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Guidelines for the Development of Self-Feeding Skills
by Kimberly Mielke, MSOT, OTR/L
Self-care skills are the basic tasks we perform every day. Self-care skills are also known as Activities of Daily Living (ADLs). The self-care skills children learn early on are self-feeding, dressing, bathing, and grooming. This handout will give a basic guideline for the development of self-feeding skills.
Self-feeding provides a fun and easy way for a child to explore different sensory experiences and feels. This is a great opportunity for the child to play with and feel crumbly, rough, wet, squishy, spongy, and slippery textures. Foods also provide different sounds, smells, and tastes. Self-feeding can be messy, but being allowed to be messy will help a child gain confidence, become comfortable with different textures, and develop strength and coordination in the hands and fingers.
In addition, using forks, spoons, and cups are some of the earliest opportunities for a child to learn how to use tools. Learning to use tools is important as the child grows and starts to draw with crayons, write with pencils, and cut with scissors.
A child who is practicing and learning self-feeding skills is also improving:
  • Strength in his/her back, arms, and hands.
  • Using both arms and hands together.
  • Coordination in his/her arms and hands.
  • Eye-hand coordination.
Drinking from a Bottle/Cup
Age Milestone
2 to 4 months Moves hand/hands up to the bottle/breast while feeding
6 to 9 months Holds a bottle with both hands
Uses a cup with help
12 to 15 months Holds a cup with both hands
Takes a few sips without help
15 to 18 months Uses a straw
2 to 3 years Drinks from a cup (no lid) without spilling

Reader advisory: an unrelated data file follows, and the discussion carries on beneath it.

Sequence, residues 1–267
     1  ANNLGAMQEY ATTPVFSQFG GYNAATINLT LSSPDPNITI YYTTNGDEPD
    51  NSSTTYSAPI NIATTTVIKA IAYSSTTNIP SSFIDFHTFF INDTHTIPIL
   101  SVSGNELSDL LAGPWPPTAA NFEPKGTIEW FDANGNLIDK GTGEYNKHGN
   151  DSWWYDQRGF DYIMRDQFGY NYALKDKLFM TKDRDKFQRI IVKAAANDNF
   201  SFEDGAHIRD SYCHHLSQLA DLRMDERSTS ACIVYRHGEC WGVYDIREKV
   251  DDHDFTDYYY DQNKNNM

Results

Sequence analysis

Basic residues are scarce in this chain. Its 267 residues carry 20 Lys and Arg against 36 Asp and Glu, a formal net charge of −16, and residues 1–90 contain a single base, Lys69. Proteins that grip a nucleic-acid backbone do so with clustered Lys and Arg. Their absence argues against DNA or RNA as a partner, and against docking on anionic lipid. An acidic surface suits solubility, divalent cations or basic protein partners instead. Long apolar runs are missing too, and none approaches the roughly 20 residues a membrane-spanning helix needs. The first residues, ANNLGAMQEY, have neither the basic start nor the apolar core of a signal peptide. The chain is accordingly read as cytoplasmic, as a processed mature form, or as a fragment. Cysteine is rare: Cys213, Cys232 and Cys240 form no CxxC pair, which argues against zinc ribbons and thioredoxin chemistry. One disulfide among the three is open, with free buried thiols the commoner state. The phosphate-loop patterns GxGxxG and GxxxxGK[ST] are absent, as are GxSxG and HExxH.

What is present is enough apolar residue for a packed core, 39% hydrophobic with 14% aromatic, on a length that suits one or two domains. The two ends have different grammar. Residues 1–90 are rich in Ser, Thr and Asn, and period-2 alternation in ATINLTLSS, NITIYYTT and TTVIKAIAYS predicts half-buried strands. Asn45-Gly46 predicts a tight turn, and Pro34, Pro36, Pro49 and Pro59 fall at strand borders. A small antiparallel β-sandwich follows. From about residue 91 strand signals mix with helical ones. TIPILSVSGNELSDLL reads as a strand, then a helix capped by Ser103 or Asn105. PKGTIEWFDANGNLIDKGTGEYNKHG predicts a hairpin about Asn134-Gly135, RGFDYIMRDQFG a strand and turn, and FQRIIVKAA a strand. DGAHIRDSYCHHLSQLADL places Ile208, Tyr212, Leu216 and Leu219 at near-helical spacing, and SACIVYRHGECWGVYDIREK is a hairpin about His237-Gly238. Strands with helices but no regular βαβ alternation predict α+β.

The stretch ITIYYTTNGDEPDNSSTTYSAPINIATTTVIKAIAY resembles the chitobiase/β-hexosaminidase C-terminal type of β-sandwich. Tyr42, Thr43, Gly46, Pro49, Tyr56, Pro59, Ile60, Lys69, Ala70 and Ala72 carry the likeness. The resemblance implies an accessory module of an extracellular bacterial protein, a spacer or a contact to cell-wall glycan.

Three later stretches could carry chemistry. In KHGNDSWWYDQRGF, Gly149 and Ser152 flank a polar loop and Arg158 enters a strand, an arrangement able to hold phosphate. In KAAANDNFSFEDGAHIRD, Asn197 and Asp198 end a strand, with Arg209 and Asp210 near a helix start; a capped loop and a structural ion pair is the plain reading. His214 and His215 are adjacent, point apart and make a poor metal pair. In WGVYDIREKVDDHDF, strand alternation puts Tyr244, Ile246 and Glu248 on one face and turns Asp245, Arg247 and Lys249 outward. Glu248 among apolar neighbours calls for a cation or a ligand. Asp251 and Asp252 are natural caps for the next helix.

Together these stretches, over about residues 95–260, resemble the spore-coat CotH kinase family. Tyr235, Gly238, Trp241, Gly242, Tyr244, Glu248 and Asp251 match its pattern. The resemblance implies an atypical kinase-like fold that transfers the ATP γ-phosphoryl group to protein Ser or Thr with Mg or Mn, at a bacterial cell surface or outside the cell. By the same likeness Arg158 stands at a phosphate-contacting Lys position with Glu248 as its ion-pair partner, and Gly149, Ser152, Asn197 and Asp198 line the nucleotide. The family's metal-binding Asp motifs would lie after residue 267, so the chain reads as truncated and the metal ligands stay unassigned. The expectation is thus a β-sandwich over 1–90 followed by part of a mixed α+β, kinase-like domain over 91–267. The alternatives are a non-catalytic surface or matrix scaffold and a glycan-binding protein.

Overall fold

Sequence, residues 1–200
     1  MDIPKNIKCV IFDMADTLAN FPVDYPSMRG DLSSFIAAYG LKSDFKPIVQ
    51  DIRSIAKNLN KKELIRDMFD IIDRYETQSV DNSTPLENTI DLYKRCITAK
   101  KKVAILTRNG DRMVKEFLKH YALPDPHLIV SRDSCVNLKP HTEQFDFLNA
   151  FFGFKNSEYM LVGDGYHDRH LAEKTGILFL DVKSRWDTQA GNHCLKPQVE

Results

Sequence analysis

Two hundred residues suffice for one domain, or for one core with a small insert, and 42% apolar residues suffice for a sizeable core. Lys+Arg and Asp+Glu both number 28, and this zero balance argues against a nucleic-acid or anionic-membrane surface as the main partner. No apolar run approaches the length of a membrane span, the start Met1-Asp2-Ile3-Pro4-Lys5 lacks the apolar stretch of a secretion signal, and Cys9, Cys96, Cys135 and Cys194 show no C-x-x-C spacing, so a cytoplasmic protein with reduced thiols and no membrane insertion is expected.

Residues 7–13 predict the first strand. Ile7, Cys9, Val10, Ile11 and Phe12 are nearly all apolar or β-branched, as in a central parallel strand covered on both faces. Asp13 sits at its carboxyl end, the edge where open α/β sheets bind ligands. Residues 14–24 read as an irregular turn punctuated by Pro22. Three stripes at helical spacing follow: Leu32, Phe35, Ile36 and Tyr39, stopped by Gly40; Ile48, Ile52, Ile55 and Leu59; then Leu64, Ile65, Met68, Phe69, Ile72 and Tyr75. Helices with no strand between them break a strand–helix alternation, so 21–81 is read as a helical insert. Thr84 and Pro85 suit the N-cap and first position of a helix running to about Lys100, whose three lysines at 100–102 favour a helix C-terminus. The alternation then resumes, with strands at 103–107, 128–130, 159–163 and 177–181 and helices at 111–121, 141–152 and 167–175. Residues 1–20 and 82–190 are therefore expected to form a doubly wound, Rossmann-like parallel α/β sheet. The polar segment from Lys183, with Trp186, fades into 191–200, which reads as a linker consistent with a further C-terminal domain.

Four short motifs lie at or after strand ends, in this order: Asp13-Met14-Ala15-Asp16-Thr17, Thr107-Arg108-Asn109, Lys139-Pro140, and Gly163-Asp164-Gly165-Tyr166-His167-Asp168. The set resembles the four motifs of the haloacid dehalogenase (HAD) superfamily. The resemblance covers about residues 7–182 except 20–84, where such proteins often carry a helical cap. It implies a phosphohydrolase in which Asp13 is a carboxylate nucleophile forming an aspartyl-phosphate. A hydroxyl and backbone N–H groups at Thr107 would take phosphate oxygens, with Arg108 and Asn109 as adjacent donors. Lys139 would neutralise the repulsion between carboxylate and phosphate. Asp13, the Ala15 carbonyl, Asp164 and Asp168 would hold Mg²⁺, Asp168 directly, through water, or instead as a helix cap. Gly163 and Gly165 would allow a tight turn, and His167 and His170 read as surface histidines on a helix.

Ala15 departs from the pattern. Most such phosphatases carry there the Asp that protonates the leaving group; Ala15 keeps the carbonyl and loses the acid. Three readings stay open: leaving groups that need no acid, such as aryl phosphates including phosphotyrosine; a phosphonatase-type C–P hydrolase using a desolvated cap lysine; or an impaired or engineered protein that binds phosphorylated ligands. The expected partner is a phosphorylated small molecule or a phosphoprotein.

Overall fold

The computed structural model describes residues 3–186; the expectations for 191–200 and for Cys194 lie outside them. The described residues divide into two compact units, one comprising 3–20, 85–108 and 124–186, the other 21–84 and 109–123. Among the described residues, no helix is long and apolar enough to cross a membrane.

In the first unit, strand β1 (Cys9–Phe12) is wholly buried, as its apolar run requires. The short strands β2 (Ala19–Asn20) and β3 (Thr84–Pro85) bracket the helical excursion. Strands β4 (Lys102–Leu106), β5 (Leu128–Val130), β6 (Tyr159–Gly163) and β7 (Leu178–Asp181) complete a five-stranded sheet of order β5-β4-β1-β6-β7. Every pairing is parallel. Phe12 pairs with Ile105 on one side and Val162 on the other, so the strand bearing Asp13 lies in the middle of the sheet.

Self-Feeding
Age Milestone
6 to 9 months Wants to help with feeding
Starts holding and mouthing large crackers/cookies
Plays with spoon; grabs/bangs spoon; puts both ends in mouth
9 to 13 months Finger feeds soft foods and foods that melt quickly
Enjoys finger feeding
12 to 14 months Dips spoon in food
Moves spoon to mouth but is messy and spills
15 to 18 months Scoops food with a spoon and feeds self
18 to 24 months Wants to feed himself/herself
2 to 3 years Stabs food with fork
Uses spoon without spilling
3 to 5 years Eats by himself/herself
Children with impaired motor skills and/or developmental disabilities may have a harder time learning these skills. Let the child's abilities guide the speed they acquire self-feeding skills and gradually progress from the simpler skills to more complex ones.
Games/Activities
Imitation and play can also help children develop self-feeding skills. Include the following games/activities into your child's day to help your child learn to feed himself/herself.
  • Scoop and pour water in the bathtub using stacking or measuring cups.
  • Use a spoon to scoop marshmallows.
  • Use scoops and shovels in a sandbox.
  • Put small objects through holes into containers.
  • Play with play dough—scooping, stabbing, cutting, and pinching pieces.
  • Pretend to feed a baby doll.
  • Have imaginary tea parties, picnics, or meals.
Resource
Case-Smith, J. (2005). Occupational therapy for children: Fifth edition. St. Louis: Elsevier Inc.
 
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